Are you in touch with your inner goat these days? Not the scapegoat, not the one that gets all the blame, but the trendy goat that shows your texting is totally with it: that would be G.O.A.T, greatest of all time. And that’s the definition Hartford’s minor league baseball team the Hartford Yard Goats are counting on. They put it right out front on a huge stadium sign: “No Goats No Glory.”
The stadium? Yes, the stadium at last. After construction delays and a season in which they had to play all their games on the road, the Yard Goats, a double A minor league franchise of the Colorado Rockies, are home in Hartford at Dunkin’ Donuts Park.
At the ball field, it’s all goat from start to finish. The ushers wear shirts with “goat herder” lettered on the back. The security squad has “goat patrol” on theirs. In the team store, hats and T-shirts feature a picture of a goat doing what goats do: chomping away at what looks like an otherwise inedible baseball bat.
A recent Yard Goats game against the Bowie Baysox, a double A franchise of the Baltimore Orioles, showcased minor league competition in all its glory: contests, stunts, low prices, and oh, yes, baseball. No opportunity for audience participation was lost: a dozen people threw out individual first balls, some landing well before the plate, some over the catcher’s head, and a few actually on target. That didn’t matter. Promotions Manager Dana Feigenbaum pronounced each one “awesome.”
Later in the evening, as Feigenbaum stood near the refreshment area, a spectator came up and asked her to pose for a selfie with her family. Feigenbaum smiled and agreed.
“It happens all the time,” she said.
Between innings, contests featured a race between three participants decked out in honor of Dunkin’ Donuts in head to toe costumes of a hot coffee mug, an iced coffee cup, and a large chocolate donut. The donut won, proving running around the outside of a stadium in 90-degree weather in a full-body donut suit is indeed possible. Another race highlighted four competitors dressed as a chicken, a parrot, a frog, and what one observer concluded was a friendly looking dinosaur. Despite having a tail to drag all around the field, the dinosaur took top honors.
Yard Goats Assistant General Manager Mike Abramson, who lives in Chester, had arranged for Johnny Shea to sing the National Anthem. Shea recently appeared in Chester in the Goodspeed Musical’s Norma Terris Theatre production of Deathless, which Abramson saw.
“It was great, so cool, my family was all here,” said Shea as a group of spectators came by giving him high fives, congratulating him on his singing.
Ken Gammerman and Matt Hoey, friends from the years they have served together on the Guilford Board of Finance, said this wasn’t their first time at a Yard Goats game.
“Minor League baseball junkies,” said Gammerman, adding his baseball enthusiasm went back many years, even before games were televised—“When I was a kid, I ‘saw’ baseball, but on the radio.”
Establishing New Traditions
Dan Brechlin from Meriden had brought his sons, Ryder, 4, and Xander, 7. This was Ryder’s first game.
“I wondered if he was old enough, but he’s very excited,” Brechlin said.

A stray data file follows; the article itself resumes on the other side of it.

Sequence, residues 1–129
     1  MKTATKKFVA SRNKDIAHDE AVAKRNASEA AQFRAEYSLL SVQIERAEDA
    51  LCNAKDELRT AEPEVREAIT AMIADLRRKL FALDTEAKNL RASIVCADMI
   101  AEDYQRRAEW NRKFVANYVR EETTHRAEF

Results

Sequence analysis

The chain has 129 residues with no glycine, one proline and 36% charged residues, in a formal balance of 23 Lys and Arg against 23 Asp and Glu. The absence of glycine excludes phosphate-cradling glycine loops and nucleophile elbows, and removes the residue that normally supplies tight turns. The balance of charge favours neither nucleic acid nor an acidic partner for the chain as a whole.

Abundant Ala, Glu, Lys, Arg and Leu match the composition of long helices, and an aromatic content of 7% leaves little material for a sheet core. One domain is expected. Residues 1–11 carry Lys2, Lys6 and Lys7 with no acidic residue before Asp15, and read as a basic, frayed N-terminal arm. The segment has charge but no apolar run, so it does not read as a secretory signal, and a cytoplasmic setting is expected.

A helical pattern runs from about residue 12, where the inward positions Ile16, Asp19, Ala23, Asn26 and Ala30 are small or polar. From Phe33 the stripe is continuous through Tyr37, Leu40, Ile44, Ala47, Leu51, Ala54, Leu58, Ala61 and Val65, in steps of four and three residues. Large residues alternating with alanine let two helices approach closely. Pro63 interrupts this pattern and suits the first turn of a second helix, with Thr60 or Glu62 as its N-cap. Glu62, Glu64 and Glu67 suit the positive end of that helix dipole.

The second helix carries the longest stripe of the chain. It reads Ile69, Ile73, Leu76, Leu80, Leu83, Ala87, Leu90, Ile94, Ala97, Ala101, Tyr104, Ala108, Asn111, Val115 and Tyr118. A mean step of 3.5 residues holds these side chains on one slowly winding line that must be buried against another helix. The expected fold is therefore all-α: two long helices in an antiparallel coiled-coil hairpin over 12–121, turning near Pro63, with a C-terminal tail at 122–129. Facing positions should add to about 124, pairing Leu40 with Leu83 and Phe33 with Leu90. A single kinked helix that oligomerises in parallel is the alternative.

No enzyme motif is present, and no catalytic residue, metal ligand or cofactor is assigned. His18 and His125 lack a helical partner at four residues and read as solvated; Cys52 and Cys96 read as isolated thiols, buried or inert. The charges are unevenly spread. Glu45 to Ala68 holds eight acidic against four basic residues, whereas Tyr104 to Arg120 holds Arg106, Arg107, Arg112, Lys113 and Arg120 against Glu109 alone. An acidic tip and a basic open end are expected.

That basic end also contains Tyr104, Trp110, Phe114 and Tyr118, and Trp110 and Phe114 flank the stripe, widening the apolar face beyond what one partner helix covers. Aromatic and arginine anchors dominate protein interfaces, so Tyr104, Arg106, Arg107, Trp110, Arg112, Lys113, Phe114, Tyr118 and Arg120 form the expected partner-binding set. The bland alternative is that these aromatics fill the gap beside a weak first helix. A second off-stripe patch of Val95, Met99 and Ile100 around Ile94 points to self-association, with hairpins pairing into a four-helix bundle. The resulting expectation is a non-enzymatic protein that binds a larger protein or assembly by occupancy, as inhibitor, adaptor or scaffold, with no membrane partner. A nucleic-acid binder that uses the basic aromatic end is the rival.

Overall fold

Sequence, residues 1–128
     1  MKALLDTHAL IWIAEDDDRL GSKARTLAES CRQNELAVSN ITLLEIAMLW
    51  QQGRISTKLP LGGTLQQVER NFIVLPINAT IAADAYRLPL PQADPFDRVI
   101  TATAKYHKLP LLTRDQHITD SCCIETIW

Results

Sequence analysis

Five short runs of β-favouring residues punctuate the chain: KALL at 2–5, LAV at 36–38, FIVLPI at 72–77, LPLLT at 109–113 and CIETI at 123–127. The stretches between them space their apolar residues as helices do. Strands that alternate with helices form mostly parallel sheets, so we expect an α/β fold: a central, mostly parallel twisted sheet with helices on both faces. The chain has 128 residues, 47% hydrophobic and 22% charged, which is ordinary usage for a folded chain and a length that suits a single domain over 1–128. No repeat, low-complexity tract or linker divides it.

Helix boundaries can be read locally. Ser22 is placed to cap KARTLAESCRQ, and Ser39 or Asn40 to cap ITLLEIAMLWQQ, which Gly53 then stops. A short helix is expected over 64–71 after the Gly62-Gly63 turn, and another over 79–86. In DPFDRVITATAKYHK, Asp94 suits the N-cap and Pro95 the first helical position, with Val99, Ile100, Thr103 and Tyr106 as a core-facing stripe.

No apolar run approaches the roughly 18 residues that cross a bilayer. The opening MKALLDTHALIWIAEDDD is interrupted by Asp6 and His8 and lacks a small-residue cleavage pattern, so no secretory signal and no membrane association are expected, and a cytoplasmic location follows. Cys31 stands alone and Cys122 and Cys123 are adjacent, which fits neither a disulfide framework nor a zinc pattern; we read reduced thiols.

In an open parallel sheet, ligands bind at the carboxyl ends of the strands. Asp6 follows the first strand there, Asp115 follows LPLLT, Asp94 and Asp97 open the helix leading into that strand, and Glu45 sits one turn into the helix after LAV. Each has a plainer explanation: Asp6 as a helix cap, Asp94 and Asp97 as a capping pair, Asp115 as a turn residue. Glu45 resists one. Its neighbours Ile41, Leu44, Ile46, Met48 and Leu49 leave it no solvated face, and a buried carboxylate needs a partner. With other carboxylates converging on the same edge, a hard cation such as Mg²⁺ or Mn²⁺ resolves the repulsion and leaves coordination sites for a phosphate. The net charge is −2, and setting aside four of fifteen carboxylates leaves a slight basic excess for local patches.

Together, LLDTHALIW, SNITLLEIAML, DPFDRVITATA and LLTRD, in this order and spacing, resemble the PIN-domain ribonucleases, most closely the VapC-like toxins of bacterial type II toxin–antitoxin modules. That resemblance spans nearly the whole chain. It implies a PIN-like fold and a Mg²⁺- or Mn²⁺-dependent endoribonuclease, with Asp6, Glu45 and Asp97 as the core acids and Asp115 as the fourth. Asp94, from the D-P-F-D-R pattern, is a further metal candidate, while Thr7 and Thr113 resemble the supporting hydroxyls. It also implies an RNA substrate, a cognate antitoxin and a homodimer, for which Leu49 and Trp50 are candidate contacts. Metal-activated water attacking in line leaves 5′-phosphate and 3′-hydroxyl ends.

Xander, who had been to games before, had to think a minute before explaining what he liked, but his answer, when it came, is all-encompassing.
“Pretty much everything,” he said.
With admission starting at $6 and a hot dog at $3, taking children to a Yard Goats game doesn’t mean dipping into the college trust fund. Food offering ranged from the classics like frankfurters to non-traditional items like Greek salad and gluten-free buns. Keeping up with changing tastes in eating, Abramson said, was a priority for food service.
Some classics have changed in unpredictable ways: The Cracker Jacks came in a package like potato chips, not in the red and white wax-paper-wrapped box of memory. But that wasn’t all: The rings and plastic trinkets that generations of kids snapped together are no more; now the package has a piece of paper with a code that the enables the purchaser to download a simple computer game.
The biggest cheer of the night went to a player with a legendary name: Yastrzemski—not Hall of Famer Carl, but his grandson Mike in this case. A group of friends from Boston had come down to Hartford to see him play. Young Yaz, a right fielder, didn’t disappoint. He was the first batter up and he homered. The trouble from the Yard Goats point of view was that Yastrzemski played for the other team.
“Guess we can go home now,” said Nancy Budd, part of the Yastrzemski cheering section. (She didn’t.)
All was not glory for Mike Yastrzemski and the Baysox. Tied in regulation, the game went into extra innings. In the bottom of the 11th, Yastrzemski made a spectacular diving catch in right field, but on the very next play, the center fielder called for the ball and flubbed the catch as the go-ahead run scored. The Yard Goats won 4 to 3.
Still, as Abramson pointed out, minor league baseball is not all about winning. It is about enjoying. That doesn’t mean the two are mutually exclusive.
“I think people are happier when we win,” he said.
There is, nonetheless, more to minor league baseball than the score. As the sun set sky-blue pink on a warm summer night over the manicured green of the ball field and a near-capacity crowd of 6,100 looked on, young men, most of whom would never see the major leagues, played out their dreams in a game whose rhythms have become an emblem of the American experience.
For more on the Hartford Yard Goats, visit www.milb.com.